Lao manuscripts were mostly inscribed with a stylus on rectangular cut and cured palm-leaf sheets varying in length. Each sheet had two holes; a cotton string was passed through the left one, making it possible to bind several palm-leaf sheets together as one bundle, or fascicle (phuk). Recent research estimates that more than ninety percent of Lao manuscripts are “palm-leaf books” (nangsü bai lan). The number of leaves in a given fascicle depend on the length and/or the number of text pages. All fascicles of palm-leaf manuscripts are fastened by a string (sai sanὸng). Generally, numerous fascicles of palm-leaf manuscripts which contain the same version of a literary text are fastened together in bundles, called sum. Two wooden boards are frequently added to such a bundle for protection. The bundle usually is wrapped in a piece of cloth and tied with a cotton string. It is called mat.

Palm-leaf is not only the most widely used but, in this region’s subtropical climate, also the most durable “soft” writing support of the Lao cultural area. It was mostly used for Buddhist text. The leporello format was used for secular texts such as chronicles, legal texts, medical and astrological treatises, official documents, non-religious literary works, and only occasionally, Buddhist texts. For these leporello manuscripts, a cardboard-like paper made out of the bark of the sa tree (Broussonetia papyrifera L. vent.) was used. The grayish sa paper was inscribed on both sides, often with black ink. Sometimes it was first painted with a layer of lampblack and then written on with yellowish ink, or white chalk. The covers of both phap sa, as such leporello manuscripts are called in Lao, as well as palm-leaf manuscripts, were often decorated with lacquer and gold. The manuscripts were kept in elaborately fashioned wooden boxes. In addition, bound books exist, notably in the Tai Lü areas of northern Laos, such as Müang Sing, where each piece of paper has been folded over once vertically, so that it becomes much longer than it is broad. By folding the paper, both the front and the back page of one sheet can be used for writing. These sheets of paper are sewn together along one of the vertical sides. This kind of manuscript is called phap hua. In the manuscript tradition of the Tai Lü, pap sa manuscripts play a very important role and are even more widespread than palm-leaf manuscripts, the latter being restricted to the writing of religious texts.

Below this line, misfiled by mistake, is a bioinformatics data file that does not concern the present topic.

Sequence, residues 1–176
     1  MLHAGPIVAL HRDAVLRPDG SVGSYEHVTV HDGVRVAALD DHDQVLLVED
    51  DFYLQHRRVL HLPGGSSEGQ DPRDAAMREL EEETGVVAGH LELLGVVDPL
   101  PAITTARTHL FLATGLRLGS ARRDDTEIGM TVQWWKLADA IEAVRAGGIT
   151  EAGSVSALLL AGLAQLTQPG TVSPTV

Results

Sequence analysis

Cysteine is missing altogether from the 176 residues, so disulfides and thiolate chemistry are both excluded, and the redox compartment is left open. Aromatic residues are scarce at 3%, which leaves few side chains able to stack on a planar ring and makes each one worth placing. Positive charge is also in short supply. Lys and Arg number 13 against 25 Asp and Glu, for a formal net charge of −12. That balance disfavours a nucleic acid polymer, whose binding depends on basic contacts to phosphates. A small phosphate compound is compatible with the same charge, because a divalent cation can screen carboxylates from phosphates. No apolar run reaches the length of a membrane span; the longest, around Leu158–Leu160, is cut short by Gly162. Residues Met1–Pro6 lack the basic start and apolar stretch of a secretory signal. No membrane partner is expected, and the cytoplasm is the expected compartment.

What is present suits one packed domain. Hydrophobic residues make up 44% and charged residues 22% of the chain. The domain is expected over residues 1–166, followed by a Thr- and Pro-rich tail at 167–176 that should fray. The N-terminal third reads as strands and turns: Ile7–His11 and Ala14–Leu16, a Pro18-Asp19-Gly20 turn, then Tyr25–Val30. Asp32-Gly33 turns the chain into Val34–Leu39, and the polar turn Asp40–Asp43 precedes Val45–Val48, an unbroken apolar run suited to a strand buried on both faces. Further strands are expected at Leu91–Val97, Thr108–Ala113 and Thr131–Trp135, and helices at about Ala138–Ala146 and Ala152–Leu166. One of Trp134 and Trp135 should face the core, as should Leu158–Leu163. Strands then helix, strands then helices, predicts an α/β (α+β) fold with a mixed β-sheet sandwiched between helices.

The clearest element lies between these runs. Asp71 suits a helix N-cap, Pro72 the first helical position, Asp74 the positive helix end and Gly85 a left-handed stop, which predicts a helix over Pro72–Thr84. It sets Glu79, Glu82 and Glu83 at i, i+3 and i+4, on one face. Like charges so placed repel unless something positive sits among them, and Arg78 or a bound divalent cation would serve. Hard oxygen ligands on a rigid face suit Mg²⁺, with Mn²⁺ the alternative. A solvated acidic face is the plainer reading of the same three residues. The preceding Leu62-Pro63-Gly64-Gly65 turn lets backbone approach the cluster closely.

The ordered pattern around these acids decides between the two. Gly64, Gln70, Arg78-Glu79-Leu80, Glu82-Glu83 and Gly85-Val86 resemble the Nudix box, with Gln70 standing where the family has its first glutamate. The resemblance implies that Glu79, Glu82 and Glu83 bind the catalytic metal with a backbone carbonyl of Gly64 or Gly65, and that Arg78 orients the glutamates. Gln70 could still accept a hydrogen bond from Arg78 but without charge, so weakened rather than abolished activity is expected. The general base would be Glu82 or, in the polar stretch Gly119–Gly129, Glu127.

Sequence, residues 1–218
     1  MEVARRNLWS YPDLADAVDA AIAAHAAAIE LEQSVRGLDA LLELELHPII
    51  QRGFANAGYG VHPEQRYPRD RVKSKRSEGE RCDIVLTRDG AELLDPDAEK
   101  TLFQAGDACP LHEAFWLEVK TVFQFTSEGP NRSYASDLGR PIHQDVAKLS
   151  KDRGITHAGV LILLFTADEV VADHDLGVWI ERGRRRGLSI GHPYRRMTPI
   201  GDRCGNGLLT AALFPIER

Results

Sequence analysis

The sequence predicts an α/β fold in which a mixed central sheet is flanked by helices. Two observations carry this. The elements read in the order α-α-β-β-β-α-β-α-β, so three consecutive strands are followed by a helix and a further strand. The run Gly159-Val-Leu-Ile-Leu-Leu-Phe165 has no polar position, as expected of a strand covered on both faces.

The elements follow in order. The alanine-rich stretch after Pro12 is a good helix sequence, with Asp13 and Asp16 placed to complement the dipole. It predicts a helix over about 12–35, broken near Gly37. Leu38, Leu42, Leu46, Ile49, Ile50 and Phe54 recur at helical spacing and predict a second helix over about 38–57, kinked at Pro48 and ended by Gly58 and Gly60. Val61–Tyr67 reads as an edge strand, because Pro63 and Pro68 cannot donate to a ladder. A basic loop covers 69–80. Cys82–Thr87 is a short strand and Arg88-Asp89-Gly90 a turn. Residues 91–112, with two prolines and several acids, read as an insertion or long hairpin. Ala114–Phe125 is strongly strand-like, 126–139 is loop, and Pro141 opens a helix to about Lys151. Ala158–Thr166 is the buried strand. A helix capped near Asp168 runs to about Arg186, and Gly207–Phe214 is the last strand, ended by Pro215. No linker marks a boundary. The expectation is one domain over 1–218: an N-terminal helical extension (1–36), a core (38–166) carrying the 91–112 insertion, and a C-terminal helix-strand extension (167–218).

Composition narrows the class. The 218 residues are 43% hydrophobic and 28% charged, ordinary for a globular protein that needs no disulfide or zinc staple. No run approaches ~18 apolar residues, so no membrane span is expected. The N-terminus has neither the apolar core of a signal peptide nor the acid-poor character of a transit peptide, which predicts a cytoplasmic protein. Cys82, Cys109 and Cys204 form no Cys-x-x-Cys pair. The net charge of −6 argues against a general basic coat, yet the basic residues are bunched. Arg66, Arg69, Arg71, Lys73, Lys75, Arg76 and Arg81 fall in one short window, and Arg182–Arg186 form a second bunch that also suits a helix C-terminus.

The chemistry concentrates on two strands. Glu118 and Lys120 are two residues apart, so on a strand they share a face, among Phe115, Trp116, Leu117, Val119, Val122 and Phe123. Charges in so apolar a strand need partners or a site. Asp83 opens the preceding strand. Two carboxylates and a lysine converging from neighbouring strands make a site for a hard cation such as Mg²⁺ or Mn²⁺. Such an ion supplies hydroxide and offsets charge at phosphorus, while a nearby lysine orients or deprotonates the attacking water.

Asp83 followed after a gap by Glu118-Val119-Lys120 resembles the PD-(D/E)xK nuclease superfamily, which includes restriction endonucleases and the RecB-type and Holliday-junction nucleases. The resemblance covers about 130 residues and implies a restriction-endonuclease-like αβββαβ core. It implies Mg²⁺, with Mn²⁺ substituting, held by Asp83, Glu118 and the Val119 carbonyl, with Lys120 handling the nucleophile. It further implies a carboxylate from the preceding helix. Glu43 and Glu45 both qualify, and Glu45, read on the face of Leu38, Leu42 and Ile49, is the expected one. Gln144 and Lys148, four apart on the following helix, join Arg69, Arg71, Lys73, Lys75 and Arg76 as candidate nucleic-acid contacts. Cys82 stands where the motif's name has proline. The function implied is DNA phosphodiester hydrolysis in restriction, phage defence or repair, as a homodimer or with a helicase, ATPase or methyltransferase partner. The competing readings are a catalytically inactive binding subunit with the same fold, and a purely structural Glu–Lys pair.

Sa-Paper manuscripts
Sa-Paper manuscripts of the Lü of Müang Sing at the collection of Vat Mai Suvannaphumaram, Luang Prabang, 1994. Hans Georg Berger "Libraries and Manuscripts of Laos (1994–2012)", British Library, Photo 1401(12). Image reproduced by permission of Hans Georg Berger

The vast majority of Lao manuscripts are not kept in private households but in monasteries. The most precious manuscripts are stored in small and elegant buildings devoted solely to the conservation of manuscripts. They are called hò tham (“House of the Dhamma”) or hò trai (“House of the three [baskets]) because they are dedicated homes to Buddhist scriptures. These libraries are integrated into the monastic site (vat) of which they embrace the organization and architectural style. According to traditional Buddhist belief, no matter whether they were written carefully or not, manuscripts should not be treated disrespectfully, or kept in a demeaning place. The texts that manuscripts contain, especially the ritual ones, should not have any insertions or other writing added to them. Any person who breaks this rule would lose the respect of devout Buddhists. Traditionally, laywomen were not supposed to touch religious manuscripts directly, even if very often they were the persons who donated them to the monasteries. This tradition came to an end during the country-wide effort of manuscript preservation of the National Library of Laos since the 1990s, where laywomen were prominently involved.

Historic wooden Library of Vat Nong Lam Chan photograph by Hans Georg Berger
The historic wooden library of Vat Nong Lam Chan at Ban Nong Lam Chan, Champhon District, Savannakhet Province, 1999. Hans Georg Berger "Libraries and Manuscripts of Laos (1994–2012)", British Library, Photo 1401(21). Image reproduced by permission of Hans Georg Berger